Posts tagged ‘owl farm’

August 17, 2010

Beatdom’s On the Road

Greetings. As you will have gathered from the previous post, there’s not much action over at Beatdom. Beat news reports and our Facebook quote game have been on hiatus, and there hasn’t been much news about issue eight or the long-awaited subscriptions.

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July 11, 2010

Animals, Whores & Dialogue

Wayne Ewing’s newest documentary is about to begin shipping on July 13th, just in time for Hunter S. Thompson’s birthday. Animals, Whores & Dialogue is the sequel – of sorts – to 2003’s classic Breakfast With Hunter.

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February 20, 2010

On the 5th Anniversary of the Death of Hunter S. Thompson

On February 20, 2005, Hunter S. Thompson shot himself and ended thirty-five years of Gonzo journalism. There never was another Gonzo journalist and there never will be. It was a one man genre. And likewise, there will never be another HST. He was utterly unique. In fact, “unique” is perhaps too weak a word… He was a freak, an atavistic freak.

His literary influences were numerous, yet he was always an original. Thompson grew up worshipping Fitzgerald and Hemingway, and yet ended up being something totally different – Gonzo. He lived in weird times, and his style of writing develop in response to his surroundings – living through the 1950s, 60s & 70s; a turbulent era to say the least.

Most people know him from his work over only a short period of time. The development and maturation of Gonzo, from “The Kentucky Derby is Decadent and Depraved” to Fear and Loathing on the Campaign Trail ’72. Yet to fully respect the man one must look back further, beyond HST as a drug-fiend, to HST as a dedicated, scrupulous journalist. Prior to his Hell’s Angels fame, Thompson worked as hard as anyone in the game, and while that effort appeared later, it never fully reappeared.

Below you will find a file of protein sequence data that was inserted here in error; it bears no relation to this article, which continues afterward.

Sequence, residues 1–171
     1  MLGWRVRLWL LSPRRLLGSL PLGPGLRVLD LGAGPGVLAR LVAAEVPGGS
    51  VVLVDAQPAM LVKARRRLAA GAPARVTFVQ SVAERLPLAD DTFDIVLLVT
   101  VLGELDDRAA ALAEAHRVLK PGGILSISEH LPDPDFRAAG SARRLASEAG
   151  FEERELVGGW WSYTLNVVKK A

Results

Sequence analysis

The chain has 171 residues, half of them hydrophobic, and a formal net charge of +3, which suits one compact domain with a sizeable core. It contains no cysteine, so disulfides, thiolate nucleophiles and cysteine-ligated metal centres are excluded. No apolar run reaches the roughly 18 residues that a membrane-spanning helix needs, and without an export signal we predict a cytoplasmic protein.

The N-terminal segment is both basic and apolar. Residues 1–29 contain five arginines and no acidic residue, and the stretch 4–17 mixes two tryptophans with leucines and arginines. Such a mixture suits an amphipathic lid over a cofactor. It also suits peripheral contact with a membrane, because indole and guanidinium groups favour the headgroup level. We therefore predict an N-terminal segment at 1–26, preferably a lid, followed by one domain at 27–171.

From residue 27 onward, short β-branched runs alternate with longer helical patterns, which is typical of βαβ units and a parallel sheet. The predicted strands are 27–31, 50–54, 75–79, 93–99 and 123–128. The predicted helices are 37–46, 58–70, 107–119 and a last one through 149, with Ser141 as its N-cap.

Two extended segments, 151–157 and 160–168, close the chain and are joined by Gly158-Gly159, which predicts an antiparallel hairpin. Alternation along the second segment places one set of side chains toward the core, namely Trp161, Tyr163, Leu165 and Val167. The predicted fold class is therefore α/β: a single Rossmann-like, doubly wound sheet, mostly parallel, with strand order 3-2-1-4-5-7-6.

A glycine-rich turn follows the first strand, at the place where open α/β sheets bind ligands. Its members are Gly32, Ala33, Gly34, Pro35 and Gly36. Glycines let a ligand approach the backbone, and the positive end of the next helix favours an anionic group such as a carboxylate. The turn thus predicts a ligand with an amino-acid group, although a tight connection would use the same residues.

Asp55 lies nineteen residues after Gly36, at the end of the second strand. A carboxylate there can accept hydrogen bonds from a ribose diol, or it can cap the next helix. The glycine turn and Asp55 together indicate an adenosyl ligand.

Fame changed Hunter S. Thompson. Drugs changed him, too. Some say he created a caricature and felt compelled to live up to it… and that he became trapped in himself. Reading The Proud Highway drives home just how different Thompson was in his later years. He was not perfect. He came to feel later in life that he’d never reached his potential, and that his work was not respected as serious literary work.

So on this anniversary of his death, let’s celebrate his life and work not by wearing bright shirts, floppy hats and cigarette holders, or by getting messed up and speaking like Johnny Depp… Let’s remember Hunter S. Thompson as a serious writer; an important journalist who earned his place in history through hard work and devotion to the truth.